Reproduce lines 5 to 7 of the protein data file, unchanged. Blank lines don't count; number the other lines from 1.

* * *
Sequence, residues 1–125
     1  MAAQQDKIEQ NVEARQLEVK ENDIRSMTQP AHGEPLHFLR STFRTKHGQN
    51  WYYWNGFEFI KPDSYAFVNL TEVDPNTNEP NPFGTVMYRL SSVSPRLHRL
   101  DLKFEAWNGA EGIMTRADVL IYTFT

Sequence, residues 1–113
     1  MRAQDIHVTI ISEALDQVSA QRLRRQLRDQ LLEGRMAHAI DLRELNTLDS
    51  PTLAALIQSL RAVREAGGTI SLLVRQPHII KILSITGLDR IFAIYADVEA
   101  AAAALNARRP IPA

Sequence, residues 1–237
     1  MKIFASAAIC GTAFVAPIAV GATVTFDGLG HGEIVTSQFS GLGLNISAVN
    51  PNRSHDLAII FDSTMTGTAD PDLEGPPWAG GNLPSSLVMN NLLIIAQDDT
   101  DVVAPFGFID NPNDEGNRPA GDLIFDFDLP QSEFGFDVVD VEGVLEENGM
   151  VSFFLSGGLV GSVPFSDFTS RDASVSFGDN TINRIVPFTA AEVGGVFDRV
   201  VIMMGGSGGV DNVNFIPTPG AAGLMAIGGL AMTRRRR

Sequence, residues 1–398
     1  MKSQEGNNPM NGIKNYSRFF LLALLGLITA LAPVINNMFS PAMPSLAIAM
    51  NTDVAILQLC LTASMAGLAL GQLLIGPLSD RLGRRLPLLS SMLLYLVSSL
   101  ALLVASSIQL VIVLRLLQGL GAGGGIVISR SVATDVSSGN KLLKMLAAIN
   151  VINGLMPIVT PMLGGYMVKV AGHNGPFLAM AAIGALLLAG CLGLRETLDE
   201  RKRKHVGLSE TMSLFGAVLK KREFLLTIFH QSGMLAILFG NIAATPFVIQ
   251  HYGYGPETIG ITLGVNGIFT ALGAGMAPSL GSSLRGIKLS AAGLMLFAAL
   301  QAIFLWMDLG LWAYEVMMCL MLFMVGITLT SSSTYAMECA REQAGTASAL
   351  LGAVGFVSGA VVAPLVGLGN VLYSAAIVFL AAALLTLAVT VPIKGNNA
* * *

Sequence, residues 1–113
     1  MRAQDIHVTI ISEALDQVSA QRLRRQLRDQ LLEGRMAHAI DLRELNTLDS
    51  PTLAALIQSL RAVREAGGTI SLLVRQPHII KILSITGLDR IFAIYADVEA